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Imagine a vector from the center of a unit sphere to its surface:

enter image description here

Now imagine a second vector generated in indentical fashion. Given the first vector, how can I generate vectors to uniformally distribute the angle between them (θ).

My first thought was to use spherical coordinates -- however this generates a non-uniform distribution (as most points picked will be near the equatorial circumference, relative to the first vector): Angle distribution

Next I read this Wolfram Alpha article on sphere point picking. But that yields nearly identical results... the {X,Y,Z} endpoint is now uniformally distributed, but the angle (θ) between the two unit vectors is not.

The closest I've come is to pick the end point of the second vector on a unit circle which I place in plane centered on the sphere's center point. Then I take the point and rotate about the original vector by a random amount using the equation for rotation about a line in arbitrary space (such that the unit sphere's center can be place in arbitrary space).

This gives this distribution: enter image description here
Which is relatively flat on [30,150], but spikes near the peaks.

Any ideas on how to pick the second vector so as to give a uniform angular distribution?

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Just to be clear: you're well aware that uniform angular distribution does not correspond to any uniform distribution on the sphere, and you're certain that uniform angular distribution is the correct notion of uniformity for your application? –  Steven Stadnicki Jun 5 '13 at 20:55
    
Yes, that is the case. The application is dependent on using pseudo-random uniform draws of angles for a dependent formula to drive a Markov chain. And yes, as I show above, both trival (non-uniform) rectangular coordinate distribution and more advanced uniform rectangular coord. distributions fail to uniformally distribute the angles (as you state). The question is how to get such a uniform distribution? –  Jason R. Mick Jun 6 '13 at 17:54
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2 Answers

up vote 2 down vote accepted

In spherical coordinates, the surface area of a sphere is proportional to (1 minus the cosine of the polar angle), as measured from a chosen "pole" on the sphere. So perhaps after choosing your first vector, the second vector would be chosen so that $ \ -1 \ \le \cos \theta \le +1 \ $ is uniformly distributed for your second vector, $ \ \theta \ $ being the plane angle between them, and the "azimuthal angle" $ \ 0 \le \phi < 2 \pi\ $ for the direction of the second vector being uniformly distributed.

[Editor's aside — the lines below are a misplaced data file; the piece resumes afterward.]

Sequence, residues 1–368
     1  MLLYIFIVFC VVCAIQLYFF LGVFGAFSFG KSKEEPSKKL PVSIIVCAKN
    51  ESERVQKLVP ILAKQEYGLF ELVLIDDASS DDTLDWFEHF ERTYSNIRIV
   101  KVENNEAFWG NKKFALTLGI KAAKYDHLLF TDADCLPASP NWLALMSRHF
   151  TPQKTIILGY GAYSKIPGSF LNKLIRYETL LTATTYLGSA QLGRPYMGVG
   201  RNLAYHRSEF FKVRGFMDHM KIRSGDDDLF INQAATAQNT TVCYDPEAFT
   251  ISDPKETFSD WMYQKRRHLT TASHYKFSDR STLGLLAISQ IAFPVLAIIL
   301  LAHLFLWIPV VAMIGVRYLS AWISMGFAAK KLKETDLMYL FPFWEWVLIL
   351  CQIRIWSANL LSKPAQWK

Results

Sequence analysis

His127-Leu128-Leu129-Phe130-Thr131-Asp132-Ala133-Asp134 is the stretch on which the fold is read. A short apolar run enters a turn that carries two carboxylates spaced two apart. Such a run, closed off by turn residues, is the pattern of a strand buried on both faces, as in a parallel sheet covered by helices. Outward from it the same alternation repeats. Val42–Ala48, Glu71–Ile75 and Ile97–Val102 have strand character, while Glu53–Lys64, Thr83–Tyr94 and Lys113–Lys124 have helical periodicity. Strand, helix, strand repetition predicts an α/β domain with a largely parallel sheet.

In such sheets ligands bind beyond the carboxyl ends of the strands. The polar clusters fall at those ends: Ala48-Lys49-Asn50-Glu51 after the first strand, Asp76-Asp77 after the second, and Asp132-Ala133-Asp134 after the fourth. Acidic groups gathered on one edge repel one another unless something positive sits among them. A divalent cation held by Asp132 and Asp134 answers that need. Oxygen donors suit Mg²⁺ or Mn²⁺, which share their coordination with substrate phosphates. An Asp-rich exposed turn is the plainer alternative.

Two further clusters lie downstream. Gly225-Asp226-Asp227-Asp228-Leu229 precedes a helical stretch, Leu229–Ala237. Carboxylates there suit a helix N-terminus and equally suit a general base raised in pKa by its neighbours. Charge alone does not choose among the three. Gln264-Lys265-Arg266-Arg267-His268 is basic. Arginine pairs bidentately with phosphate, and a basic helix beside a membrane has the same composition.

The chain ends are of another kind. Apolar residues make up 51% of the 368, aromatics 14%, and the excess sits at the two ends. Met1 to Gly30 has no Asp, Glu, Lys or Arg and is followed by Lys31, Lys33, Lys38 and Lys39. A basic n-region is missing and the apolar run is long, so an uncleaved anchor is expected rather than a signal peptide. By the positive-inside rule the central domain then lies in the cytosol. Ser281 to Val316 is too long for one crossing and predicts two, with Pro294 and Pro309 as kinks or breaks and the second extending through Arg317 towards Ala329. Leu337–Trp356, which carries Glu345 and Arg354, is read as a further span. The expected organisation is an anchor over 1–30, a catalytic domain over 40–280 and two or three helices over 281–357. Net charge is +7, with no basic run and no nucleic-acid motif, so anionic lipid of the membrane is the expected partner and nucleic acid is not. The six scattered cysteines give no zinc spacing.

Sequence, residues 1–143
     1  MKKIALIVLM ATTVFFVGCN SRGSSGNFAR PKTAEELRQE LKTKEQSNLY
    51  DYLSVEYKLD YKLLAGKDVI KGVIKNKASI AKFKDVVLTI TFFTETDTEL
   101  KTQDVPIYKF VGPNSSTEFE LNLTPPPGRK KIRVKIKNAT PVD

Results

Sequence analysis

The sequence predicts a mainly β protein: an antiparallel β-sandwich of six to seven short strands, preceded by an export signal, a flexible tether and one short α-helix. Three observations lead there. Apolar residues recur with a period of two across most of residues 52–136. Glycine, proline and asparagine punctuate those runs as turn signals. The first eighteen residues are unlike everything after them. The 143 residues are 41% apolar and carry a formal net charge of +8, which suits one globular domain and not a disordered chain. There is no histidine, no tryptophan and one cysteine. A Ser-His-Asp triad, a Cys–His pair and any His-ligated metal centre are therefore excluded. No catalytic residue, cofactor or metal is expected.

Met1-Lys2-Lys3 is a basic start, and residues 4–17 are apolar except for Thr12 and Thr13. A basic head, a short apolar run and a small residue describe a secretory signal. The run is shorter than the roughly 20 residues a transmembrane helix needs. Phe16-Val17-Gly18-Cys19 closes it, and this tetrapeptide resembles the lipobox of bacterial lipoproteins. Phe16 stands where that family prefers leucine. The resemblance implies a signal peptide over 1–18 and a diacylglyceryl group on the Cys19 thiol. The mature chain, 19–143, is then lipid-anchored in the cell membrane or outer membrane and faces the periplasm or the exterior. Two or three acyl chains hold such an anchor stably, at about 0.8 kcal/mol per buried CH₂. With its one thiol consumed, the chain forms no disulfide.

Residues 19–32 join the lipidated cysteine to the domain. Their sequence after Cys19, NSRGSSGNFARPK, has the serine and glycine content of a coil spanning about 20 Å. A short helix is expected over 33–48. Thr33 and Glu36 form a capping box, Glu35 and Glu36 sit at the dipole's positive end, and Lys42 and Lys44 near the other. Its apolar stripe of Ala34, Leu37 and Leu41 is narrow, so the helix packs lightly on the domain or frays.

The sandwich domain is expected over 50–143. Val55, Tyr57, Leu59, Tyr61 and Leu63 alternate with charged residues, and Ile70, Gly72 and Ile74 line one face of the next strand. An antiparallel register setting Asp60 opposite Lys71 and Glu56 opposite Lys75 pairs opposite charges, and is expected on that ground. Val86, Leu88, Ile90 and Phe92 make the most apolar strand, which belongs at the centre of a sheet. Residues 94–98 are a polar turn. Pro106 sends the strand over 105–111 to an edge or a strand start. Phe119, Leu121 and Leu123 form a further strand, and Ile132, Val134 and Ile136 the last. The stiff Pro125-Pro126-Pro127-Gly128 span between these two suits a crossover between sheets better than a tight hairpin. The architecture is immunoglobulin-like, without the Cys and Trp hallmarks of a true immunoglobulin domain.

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Sounds promising, but how do you suggest ensuring the planar angle is uniformally distributed? I'm a bit confused because it seemed like you reiterated by question... maybe I'm missing your train of thought. –  Jason R. Mick Jun 5 '13 at 20:18
    
What I'm proposing is that the point on the sphere's surface for the first vector is used to define a "North Pole", from which polar angle $ \ \theta \ $ is measured. The value of $ \ \cos \theta \ $ is what would be used as the uniform random variable. That leaves a circle parallel to the "Equator" that the second vector could now point anywhere along; that vector could point at any azimuthal angle $ \ \phi \ $ on the circle , though that isn't central to the arrangement I think you are asking about, since the angle $ \ \theta \ $ is the same for all of those choices. –  RecklessReckoner Jun 5 '13 at 20:24
    
Ah, I think I understand... let me test this.... –  Jason R. Mick Jun 5 '13 at 20:54
    
What if you start from spherical coordinates (really only the two angular ones, since we are on a unit sphere) and then transform $ \ \theta \ $ and $ \ \phi \ $ into rectangular coordinates? –  RecklessReckoner Jun 5 '13 at 21:17
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@JasonR.Mick I don't recognize the coding language, but from what I could puzzle out about its grammar, I don't think it is doing what I've been describing. It seems to be based entirely in an approach using rectangular coordinates (which may be complicating what the programmer wants to do), but the process seems to have a different intent from what we've been discussing on this page. –  RecklessReckoner Jun 6 '13 at 17:35
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Unless I have misunderstood, this problem does not have a unique solution, perhaps you have to be more specific. One solution is this: Without loss of generality, suppose the original vector is on the equator. Then, you just uniformly pick vectors on the equator, and there you go (For $2$ dimensions uniform point picking will yield a uniform angle distribution.).

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